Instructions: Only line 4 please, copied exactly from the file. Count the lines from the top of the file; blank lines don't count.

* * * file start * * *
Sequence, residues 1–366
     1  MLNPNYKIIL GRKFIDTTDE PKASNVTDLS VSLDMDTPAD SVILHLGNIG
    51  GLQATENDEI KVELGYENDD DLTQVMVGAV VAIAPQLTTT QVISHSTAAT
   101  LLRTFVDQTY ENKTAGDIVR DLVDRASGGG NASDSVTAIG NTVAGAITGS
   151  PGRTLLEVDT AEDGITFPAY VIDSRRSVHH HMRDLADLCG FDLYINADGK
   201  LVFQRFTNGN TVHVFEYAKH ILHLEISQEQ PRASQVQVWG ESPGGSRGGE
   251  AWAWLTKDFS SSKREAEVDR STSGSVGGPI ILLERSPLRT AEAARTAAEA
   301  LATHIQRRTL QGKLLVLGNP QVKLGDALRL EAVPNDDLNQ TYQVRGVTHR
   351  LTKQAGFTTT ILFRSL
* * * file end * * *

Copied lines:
   101  LLRTFVDQTY ENKTAGDIVR DLVDRASGGG NASDSVTAIG NTVAGAITGS